What is the FHA rule for electrical outlets?

What is the FHA rule for electrical outlets?

FHA appraisals vary from conventional appraisals on various things related to the safety, soundness andcircuit tester can save realtor time and money security of the house. Some of the items that appraisers look at to determine whether they function or not can be easily inspected by the seller or real estate agent prior to the appraiser coming out, so today we’re going to look at the FHA rule for electrical outlets to show you how spending 5 minutes doing a simple inspection might save you a delay in your closing and save the buyer an additional inspection fee.

Under $10

A simple circuit tester that you can buy for less than $10 at a hardware store can be used to test the operation of electrical outlets. Most of the ones I’ve seen have a light pattern that indicates if the outlet is wired correctly or even works. For example, after I plug my tester in, it will let you know if the following conditions exist: open ground, open neutral, open hot, hot/ground reverse, hot neutral reverse, or correct. Appraisers and real estate agents are not required to know as much as electricians, however if the outlet is not working correctly it must be fixed and this little tool can help you determine that. Check out my quick tip video on how easy it is to test the outlet.

HUD has this to say about electrical outlets as well as other parts of the system:

Operate a representative number of lighting fixtures, switches and receptacles inside the house, garage and on the exterior walls and note any deficiencies. If the appliances present at the time of the inspection do not appear to be reasonable (undersized), determine if there is adequate amperage to run “standard” appliances, as per local code.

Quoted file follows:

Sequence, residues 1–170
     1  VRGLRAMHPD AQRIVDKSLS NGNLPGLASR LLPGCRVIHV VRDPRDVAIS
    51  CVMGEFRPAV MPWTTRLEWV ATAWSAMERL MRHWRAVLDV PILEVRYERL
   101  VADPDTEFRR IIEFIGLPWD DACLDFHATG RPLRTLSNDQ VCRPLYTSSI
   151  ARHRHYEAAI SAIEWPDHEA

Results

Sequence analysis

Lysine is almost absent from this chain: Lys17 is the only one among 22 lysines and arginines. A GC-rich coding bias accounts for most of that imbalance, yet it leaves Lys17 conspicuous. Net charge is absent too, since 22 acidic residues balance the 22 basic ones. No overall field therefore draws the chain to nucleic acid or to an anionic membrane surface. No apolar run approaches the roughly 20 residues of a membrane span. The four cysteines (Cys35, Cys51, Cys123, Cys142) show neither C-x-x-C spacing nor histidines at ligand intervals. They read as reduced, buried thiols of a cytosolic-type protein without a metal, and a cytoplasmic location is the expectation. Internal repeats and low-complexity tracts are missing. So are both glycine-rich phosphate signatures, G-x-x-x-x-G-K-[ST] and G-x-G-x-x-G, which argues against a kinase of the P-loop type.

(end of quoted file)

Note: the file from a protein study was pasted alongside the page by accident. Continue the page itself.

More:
Fix ahead and avoid delays

If the appraiser determines that a problem exists then it will have to be fixed before the loan is closed per FHA guidelines. This can cause delays in the loan closing and can cost the buyer additional money for a final inspection fee. It would be better to address this issue before the appraiser visits the home so that it is not even an issue.


If you have a question related to the FHA rule for electrical outlets or anything else to add please leave a comment below, and as always thanks for reading.

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  1. do gfci outlets need to be in all the kitchen outlets?

    • The FHA does not specifically require it, however, if it is required by local code then it needs to have a GFI outlet. Also, if the appraiser believes that there is a safety issue it will be a requirement.

  2. We are in the process of buying home in TX. According to our Real Estate Agent, she isn’t sure it will pass FHA inspection with the panel box over the toilet in bathroom.My question is if the house was built in 1982 and has no structure updates or alteration will it pass FHA inspection?

    • The best thing to do would be to check with the local building department to see if it passes their codes. If it does then it should be okay with FHA.

  3. Daniel Lane says

    I am a electrician, that is why I am asking
    So do I look at what code book for my answer?

  4. Daniel Lane says

    I am a electrian, but everyone has there own thought on the 36 inch rule. Please point me to the code, that I need 2 corners

  5. Daniel Lane says

    Is there a code book a person can buy? Having a problem with a u shape kitchen saying I need 1 recp at each corner 36 inches. To my understanding it’s only one. Do we count both corners in a u shape kitchen?

    • Yes, there should be a codebook. You might want to contact an electrician to determine the most recent publication to make sure you have the latest information.

  6. Hello,
    I’m currently trying to purchase a home that was originally built in 1901. I was told we had to replace two outlets in the kitchen and the bathroom with GFI, no big deal got those done. But now I’m being told they won’t pass inspection because they are not grounded. I do have the stickers to apply that state it is ungrounded. Which is what I was told by a local electrician, I would have to have those on there for them to pass the appraisal. The rest of the house still had the old-school two prong outlets which are not grounded. But my real estate agent is stating that for FHA the outlets have to be grounded or it will not pass.